Hawkes says that when you look at recent data, men lose three times more years of healthy living than women because of tobacco, alcohol and unsafe driving.
"It's cool to be a man that smokes and drinks -- who drives a fast motorbike, or fast cars," she says. "If you were really serious about saving lives, you would spend money tackling unhealthy gender norms," that promote these risky behaviors.
Health economist , of New York University, agrees that more focus should go to stopping tobacco and alcohol use.
"I'm your nanny and I'm beating you for your own benefit!"
But she doesn't think there should be specific policies for men versus women. "If we focus on closing inequality, we'll miss the boat," she says. "The goal is to reduce mortality, not to reduce inequalities in the measure of mortality."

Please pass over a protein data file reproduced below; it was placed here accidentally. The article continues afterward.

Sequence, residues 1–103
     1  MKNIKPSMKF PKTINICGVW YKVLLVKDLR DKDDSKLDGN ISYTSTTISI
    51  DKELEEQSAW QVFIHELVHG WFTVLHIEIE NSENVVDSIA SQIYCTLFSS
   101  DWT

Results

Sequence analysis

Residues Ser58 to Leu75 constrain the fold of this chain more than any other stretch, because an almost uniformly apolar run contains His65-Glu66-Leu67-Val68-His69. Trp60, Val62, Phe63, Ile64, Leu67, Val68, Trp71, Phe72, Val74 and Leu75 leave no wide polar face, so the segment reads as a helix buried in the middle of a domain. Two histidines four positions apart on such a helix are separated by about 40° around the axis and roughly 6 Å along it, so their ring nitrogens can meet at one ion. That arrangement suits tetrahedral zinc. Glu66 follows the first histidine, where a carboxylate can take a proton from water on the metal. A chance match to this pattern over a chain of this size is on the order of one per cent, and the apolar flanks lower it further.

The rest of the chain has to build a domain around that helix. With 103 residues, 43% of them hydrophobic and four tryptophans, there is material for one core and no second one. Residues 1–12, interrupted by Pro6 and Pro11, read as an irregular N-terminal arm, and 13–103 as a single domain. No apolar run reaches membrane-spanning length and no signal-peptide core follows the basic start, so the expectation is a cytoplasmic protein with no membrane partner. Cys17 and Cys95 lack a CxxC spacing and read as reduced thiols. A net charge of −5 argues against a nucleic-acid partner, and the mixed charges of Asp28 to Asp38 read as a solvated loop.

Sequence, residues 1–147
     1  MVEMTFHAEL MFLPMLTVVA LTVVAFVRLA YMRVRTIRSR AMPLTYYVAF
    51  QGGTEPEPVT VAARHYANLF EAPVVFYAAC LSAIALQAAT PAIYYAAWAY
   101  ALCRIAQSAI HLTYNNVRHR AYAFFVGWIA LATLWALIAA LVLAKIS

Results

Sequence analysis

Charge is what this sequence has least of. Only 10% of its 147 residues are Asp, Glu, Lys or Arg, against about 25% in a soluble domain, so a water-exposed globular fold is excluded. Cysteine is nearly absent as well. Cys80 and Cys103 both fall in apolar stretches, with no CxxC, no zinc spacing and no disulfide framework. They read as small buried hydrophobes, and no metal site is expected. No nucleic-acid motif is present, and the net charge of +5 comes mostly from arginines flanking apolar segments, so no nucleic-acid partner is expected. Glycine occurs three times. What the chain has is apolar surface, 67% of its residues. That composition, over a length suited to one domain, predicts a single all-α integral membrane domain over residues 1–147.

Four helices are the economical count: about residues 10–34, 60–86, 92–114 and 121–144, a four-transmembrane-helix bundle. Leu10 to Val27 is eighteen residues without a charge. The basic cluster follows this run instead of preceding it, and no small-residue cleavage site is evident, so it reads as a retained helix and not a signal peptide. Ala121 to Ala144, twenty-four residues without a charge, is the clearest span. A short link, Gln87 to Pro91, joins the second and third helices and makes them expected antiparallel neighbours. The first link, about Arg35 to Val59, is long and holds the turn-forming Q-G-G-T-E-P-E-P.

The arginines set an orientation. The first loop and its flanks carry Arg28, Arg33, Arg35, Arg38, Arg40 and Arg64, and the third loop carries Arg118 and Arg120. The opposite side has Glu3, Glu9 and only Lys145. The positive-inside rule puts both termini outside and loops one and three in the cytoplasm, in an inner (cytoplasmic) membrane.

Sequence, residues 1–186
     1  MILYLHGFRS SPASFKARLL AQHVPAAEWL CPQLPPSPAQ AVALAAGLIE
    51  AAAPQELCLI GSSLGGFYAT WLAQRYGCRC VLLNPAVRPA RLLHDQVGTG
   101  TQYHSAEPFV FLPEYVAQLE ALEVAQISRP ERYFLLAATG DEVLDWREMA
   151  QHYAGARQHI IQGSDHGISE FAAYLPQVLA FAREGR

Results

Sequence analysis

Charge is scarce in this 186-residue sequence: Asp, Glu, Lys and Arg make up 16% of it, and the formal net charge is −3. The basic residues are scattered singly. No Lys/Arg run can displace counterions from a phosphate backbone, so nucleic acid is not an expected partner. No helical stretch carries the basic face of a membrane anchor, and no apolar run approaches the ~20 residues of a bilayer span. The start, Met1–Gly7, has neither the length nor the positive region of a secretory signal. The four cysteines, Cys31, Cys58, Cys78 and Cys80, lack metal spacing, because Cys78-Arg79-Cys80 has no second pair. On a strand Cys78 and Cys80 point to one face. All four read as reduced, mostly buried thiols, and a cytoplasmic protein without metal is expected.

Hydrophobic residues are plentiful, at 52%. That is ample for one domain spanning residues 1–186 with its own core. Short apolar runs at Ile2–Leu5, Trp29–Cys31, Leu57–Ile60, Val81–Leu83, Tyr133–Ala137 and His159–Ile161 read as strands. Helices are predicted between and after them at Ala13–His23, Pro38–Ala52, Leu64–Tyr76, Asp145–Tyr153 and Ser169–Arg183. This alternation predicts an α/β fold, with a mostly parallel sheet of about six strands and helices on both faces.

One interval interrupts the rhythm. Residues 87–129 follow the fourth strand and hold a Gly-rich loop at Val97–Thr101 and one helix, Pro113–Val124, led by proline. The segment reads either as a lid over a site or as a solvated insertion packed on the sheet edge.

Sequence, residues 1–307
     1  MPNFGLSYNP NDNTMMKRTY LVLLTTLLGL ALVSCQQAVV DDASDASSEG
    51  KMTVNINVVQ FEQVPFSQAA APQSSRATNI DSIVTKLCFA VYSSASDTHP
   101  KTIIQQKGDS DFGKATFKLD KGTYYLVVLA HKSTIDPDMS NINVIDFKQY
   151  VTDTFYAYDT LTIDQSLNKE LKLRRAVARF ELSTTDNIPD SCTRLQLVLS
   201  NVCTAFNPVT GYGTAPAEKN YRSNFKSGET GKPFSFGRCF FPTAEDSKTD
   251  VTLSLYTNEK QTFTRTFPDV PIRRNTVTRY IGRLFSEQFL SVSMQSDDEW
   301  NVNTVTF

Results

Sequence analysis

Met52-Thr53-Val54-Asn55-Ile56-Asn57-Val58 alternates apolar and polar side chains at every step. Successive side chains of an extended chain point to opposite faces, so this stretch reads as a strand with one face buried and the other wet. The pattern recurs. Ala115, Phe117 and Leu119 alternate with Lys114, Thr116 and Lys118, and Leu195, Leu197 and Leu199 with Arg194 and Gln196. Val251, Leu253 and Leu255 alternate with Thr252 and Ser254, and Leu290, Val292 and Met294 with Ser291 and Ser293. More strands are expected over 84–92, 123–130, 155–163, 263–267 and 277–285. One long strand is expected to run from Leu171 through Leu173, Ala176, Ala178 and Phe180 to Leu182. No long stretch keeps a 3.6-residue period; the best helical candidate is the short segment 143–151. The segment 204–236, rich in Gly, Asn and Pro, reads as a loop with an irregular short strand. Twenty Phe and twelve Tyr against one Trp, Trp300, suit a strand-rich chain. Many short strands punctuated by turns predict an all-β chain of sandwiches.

If someone were to say "the goal is to increase women's income, not to reduce inequalities in the measure of income between the sexes", that person would be tarred & feathered.
The double standard is strong with these "experts".
Yea they are not really addressing the issue in the same way between genders, for women it's the millennium development goals of providing health care which is apparently lacking, for men it's however to provide gender re-education and correct for the deficiency within men.
The second quote u chose Neoteny however, is a correct nonpartisan viewpoint, I would agree with, and would benefit the MRM. I don't think feminists would disagree with your mock statement though if it were suggesting simply to focus on giving women more money rather than eliminating inequality as... that is what they do!...